Lake Ellis weed control plan approved

  • View of Lake Ellis in Athol. Staff Photo/Greg Vine

For the Athol Daily News
Published: 5/4/2023 3:12:36 PM
Modified: 5/4/2023 3:12:10 PM

ATHOL – Emily Vulgamore, biology project manager for Solitude Lake Management, told the Conservation Commission on Tuesday that a survey of Lake Ellis found more aquatic weeds than is normal at this time of year.

“What we found was substantial Variable Milfoil growth,” she said. “To be honest, it was at the state that we would have expected to see during the summer.”

Vulgamore said that the density of the weeds is such that it can be seen on the water’s surface.

“Variable Milfoil is a huge problem at Lake Ellis,” she said. “I’ve never seen (it) this developed this early on in the season.”

Solitude is proposing a ‘whole lake’ treatment with the aquatic herbicide Sonar. While two treatments will be required in May and June, a third may be needed in July.

“This treatment will target the Variable Milfoil, in addition to the Fanwort,” Vulgamore explained. “Now, we didn’t see Fanwort, but wouldn’t expect to; it’s a little too early in the season. But our treatment program is designed to target both Fanwort and Variable Milfoil.”

According to the state Department of Conservation and Recreation, Variable Milfoil and Fanwort are highly competitive plants capable of rapid growth and spread. They can displace native species, reduce biodiversity, limit recreational uses and decrease water quality.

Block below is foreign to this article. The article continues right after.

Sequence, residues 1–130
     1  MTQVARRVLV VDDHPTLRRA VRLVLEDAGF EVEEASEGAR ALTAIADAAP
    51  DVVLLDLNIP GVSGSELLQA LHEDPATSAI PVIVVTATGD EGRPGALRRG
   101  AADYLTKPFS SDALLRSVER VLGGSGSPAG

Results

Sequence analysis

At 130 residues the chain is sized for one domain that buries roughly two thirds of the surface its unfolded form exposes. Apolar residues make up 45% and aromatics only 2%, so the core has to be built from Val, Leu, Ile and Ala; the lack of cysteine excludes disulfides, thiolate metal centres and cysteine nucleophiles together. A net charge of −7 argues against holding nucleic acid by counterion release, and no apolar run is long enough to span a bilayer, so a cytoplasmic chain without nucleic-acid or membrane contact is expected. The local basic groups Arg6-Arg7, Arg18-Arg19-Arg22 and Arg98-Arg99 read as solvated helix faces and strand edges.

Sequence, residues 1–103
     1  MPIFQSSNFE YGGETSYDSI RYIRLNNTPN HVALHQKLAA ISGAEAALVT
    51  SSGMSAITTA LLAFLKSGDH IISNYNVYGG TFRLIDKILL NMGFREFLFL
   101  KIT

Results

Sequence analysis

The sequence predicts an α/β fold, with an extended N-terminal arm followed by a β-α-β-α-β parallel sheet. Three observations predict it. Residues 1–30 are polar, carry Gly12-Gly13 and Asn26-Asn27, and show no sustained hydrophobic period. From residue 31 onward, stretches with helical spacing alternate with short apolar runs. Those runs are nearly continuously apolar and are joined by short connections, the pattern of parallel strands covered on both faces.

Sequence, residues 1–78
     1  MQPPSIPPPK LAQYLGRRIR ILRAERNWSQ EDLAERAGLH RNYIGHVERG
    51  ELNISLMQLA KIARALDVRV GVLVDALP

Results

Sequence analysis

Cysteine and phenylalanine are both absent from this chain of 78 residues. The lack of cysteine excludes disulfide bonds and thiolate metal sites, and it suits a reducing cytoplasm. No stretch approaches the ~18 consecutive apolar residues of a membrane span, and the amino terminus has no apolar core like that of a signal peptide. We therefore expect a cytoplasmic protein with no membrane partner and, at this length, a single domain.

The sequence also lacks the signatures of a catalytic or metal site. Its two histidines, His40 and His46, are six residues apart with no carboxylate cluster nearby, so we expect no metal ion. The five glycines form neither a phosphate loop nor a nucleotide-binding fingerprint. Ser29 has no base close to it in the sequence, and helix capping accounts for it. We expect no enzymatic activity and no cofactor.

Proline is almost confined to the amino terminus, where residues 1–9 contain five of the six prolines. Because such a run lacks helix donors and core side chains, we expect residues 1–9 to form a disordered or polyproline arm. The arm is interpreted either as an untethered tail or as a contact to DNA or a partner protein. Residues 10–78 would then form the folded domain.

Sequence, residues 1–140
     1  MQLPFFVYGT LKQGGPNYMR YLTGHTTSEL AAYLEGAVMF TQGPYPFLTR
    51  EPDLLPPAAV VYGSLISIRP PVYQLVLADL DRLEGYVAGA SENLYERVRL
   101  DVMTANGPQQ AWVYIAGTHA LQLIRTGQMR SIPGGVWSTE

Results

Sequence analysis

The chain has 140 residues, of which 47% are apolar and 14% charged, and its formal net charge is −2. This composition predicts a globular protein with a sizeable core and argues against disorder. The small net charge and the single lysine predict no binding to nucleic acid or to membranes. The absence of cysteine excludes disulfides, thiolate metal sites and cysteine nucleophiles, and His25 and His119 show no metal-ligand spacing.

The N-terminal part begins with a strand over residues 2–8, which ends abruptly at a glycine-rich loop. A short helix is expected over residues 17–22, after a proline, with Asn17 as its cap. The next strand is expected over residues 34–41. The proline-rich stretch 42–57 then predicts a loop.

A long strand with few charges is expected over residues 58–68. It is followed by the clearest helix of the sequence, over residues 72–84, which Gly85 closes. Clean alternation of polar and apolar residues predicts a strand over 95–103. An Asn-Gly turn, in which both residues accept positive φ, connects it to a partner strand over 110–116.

As for aquatic plants that are native to the lake, Vulgamore said it’s expected that they will see a full recovery by next season. Athol Conservation Agent Ward Smith asked Vulgamore if the region’s mild winter had anything to do with the increase of Milfoil at the lake.

“It very well could be,” she replied. “It very well could be the mild winter. It could just be that the Milfoil never really (died off) over the winter, so you’re seeing a lot of old growth from the year before, in addition to the new growth.”

Lake Ellis resident Max MacPhee noted that the survey done in late April had originally been scheduled for sometime in May.

“The purpose of the survey was to find out all the all aquatic weeds, yet you say it’s too early to find any Fanwort,” he said. “Yet, you still recommend doing a Sonar treatment to treat Fanwort. What was the purpose of a survey if not finding any Fanwort does not alter your recommendation to treat for Fanwort?”

Vulgamore was confident that there is Fanwort in the system based on observations by the Friends of Lake Ellis and previous surveys. She added that the reason the survey was moved from May to late April was to meet the conditions presented to the Conservation Commission. She said Sonar is most effective in May, after which the efficacy decreases over time.

After a bit more discussion, the Conservation Commission voted unanimously to approve Solitude’s treatment plan for Lake Ellis. The treatments will be paid for out of a $50,000 line item in Athol's FY23 budget. Assistant Public Works Director Paul Raskevitz said the town was informed that once this round of treatments is complete, no treatment will be needed again for four or five years on average.

Greg Vine can be reached at

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